Responsibility for Outlots in a Subdivision
Visitor Question: I am a second owner in a 52 house subdivision created 18 years ago. I have lived here 10 years and just received information from the city that I am a 52nd owner of 3 outlots and a pond and will be required to maintain them through an HOA.
We have never had an HOA; the developer went bankrupt before the subdivision was completed. Back taxes of $50k have accrued. The county of Milwaukee has foreclosed on them, and I believe now owns the land. On my title there is an exceptions covenant, and listed on the land plat it states the HOA is responsible for maintaining the outlots.
1) Can I be forced to join an HOA 10 years after buying my home?
2) Can I be forced to take "ownership" of these outlots?
Editors Reply: This is an unwelcome surprise, isn't it?
In two respects this is similar to many other questions and communications we are receiving:
(1) The HOA was never formed, even though the subdivision was organized to assigned rights and responsibilities to the HOA (homeowners association), and (2) A common area now is being neglected because of lack of the existence or authority of an HOA to address something that was originally set up to be maintained by an HOA.
Our site isn't legal advice, since we are planners and not attorneys. You and your neighbors may want some legal advice before this is all resolved, so you can start scouting for an attorney either living in your subdivision or somewhere in a neighbor's network.
From the planning and zoning administration perspective, at first glance it would seem that you could argue that the county as the owner of the property (if indeed that is the case) is responsible for maintaining the property. But the county cleverly has figured out that a covenant says that the homeowners are responsible. This point of view would be quite defensible legally in most states and situations, although a specific state law could have addressed just this situation.
You ask if you can be forced to join a homeowners association. Yes, you can, if indeed one is formed. People buying into a development where an HOA exists don't get to choose whether or not they join--it is not the same thing as a neighborhood association. Often this feels very unfair if people do not realize that there is a homeowners association, or that one was supposed to have been organized and was not.
Your second question is whether you can be forced to take ownership of these outlots. Again the answer is yes, if and when an HOA is formed.
So if we were in your shoes, we would take these steps:
1. Call a quick and informal meeting of everyone in the subdivision so that everyone is informed of the exact situation. At that meeting determine what you will do about finding an attorney who read your specific covenants and other relevant documents, and then compare that to state law and case law that may exist in your area. If you are going to have to pay one, decide how you will collect the money. Also discuss times and places for meeting with your elected representative in county government (probably in your situation, you have a geographic division of the county into districts, so you have a specific designated representative).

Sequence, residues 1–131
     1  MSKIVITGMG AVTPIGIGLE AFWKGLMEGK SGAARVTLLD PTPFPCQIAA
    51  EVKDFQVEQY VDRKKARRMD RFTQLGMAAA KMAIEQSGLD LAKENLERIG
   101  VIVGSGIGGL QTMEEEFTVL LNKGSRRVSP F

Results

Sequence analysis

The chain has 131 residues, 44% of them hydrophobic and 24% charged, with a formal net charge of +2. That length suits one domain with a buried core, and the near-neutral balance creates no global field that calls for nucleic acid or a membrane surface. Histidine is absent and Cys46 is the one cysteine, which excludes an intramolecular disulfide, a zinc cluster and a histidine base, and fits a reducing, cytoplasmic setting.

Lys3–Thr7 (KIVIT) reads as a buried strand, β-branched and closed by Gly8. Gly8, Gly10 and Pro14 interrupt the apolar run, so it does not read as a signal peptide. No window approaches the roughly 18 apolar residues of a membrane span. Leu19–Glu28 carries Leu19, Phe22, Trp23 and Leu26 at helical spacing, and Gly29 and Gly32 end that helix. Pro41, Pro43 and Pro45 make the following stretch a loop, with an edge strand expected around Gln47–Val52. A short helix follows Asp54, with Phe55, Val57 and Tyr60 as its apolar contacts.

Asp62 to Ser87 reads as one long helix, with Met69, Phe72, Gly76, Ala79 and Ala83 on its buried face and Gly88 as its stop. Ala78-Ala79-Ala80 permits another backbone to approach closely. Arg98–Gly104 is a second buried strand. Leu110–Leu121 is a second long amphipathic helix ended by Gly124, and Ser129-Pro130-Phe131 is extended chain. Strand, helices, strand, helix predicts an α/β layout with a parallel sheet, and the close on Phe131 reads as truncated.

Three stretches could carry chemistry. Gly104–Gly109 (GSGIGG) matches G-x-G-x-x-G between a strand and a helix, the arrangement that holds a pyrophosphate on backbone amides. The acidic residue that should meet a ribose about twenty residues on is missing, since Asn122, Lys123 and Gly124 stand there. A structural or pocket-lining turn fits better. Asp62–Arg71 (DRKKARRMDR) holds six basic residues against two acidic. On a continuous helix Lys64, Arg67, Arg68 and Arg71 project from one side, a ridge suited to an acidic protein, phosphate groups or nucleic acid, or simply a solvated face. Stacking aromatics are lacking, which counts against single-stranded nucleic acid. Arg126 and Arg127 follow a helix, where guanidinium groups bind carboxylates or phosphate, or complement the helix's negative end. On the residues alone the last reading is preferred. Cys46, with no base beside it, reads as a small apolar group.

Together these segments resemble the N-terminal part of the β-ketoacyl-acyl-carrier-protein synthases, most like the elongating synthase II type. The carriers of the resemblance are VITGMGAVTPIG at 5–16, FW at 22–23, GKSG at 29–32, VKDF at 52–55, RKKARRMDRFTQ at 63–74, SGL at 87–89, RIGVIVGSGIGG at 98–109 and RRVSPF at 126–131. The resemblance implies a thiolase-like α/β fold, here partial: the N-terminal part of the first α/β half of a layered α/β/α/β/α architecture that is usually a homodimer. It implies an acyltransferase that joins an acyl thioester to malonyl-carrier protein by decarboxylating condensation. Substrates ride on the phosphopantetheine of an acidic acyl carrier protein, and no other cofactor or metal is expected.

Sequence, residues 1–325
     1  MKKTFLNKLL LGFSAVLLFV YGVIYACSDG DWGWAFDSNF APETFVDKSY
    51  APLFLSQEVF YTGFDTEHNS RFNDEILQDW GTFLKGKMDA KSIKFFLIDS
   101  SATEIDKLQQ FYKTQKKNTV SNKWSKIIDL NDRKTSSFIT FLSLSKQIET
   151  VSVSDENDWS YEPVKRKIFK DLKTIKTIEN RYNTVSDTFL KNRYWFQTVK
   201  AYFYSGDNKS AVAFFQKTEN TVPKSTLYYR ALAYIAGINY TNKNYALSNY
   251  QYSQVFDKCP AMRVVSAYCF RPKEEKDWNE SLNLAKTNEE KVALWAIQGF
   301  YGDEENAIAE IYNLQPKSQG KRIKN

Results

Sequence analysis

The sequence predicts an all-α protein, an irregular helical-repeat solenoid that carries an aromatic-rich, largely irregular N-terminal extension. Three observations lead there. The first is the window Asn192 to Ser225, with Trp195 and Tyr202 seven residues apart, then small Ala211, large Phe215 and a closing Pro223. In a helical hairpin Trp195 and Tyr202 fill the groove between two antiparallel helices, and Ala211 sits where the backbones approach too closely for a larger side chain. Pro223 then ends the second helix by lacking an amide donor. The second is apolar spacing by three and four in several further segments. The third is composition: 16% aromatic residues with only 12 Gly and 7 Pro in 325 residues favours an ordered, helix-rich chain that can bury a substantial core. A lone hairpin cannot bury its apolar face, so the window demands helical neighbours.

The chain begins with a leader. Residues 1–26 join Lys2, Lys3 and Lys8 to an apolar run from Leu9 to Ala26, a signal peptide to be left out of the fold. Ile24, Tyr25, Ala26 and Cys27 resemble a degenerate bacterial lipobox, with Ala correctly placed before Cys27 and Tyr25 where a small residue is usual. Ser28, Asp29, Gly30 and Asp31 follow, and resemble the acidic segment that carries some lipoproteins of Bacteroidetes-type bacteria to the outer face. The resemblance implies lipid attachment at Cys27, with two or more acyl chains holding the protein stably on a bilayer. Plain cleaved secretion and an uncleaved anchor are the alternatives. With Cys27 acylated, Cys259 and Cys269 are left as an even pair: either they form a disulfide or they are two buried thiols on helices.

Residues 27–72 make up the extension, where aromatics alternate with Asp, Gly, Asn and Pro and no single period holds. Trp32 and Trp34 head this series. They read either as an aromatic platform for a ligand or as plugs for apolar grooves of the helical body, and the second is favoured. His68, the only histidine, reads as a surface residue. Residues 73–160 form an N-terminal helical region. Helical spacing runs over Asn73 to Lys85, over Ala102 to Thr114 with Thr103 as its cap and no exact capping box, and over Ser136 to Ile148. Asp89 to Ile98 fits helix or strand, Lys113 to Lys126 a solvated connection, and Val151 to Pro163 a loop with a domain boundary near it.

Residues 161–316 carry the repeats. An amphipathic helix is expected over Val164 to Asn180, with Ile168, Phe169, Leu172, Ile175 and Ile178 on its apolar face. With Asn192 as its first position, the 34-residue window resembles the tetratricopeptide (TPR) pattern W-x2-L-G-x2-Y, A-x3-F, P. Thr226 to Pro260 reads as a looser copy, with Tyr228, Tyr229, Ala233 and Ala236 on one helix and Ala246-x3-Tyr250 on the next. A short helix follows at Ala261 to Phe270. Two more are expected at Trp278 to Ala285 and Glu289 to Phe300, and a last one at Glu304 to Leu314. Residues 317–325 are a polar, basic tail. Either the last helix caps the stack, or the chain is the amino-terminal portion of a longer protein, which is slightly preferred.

2. Meet with your elected county representative. Designate a few neighbors to take the lead in this meeting, but probably you should invite any resident to attend and listen, unless you are sure that the elected official would interpret this as a hostile move. Make sure you come away from that meeting with a clear understanding of whether the county actually owns the land, and if not, how they interpret the ownership.
3. After an attorney licensed to practice in your state has read all the relevant documents, call another meeting, this one a little bit more formal. Invited participants should be the attorney and whatever county staff members and elected officials are relevant to the situation. (Start with whoever signed the notice you received.) Have the county official speak first, then the attorney, ask both to answer questions. Then you homeowners will need to have a discussion to decide what to do.
We would love to tell you that this will all go away if you ignore it, but probably not. If the county has taken this step, it is likely to be inclined to pursue this to the point of obtaining performance from someone other than the county itself.
If this will be an expensive or technical problem for the homeowners, it could be that the county government would take pity on you and take over the burden themselves. This is why you need to start out with being pleasant with county staff members and elected officials. A joint problem-solving approach and a reasonable negotiation is likely to bring the best results for you.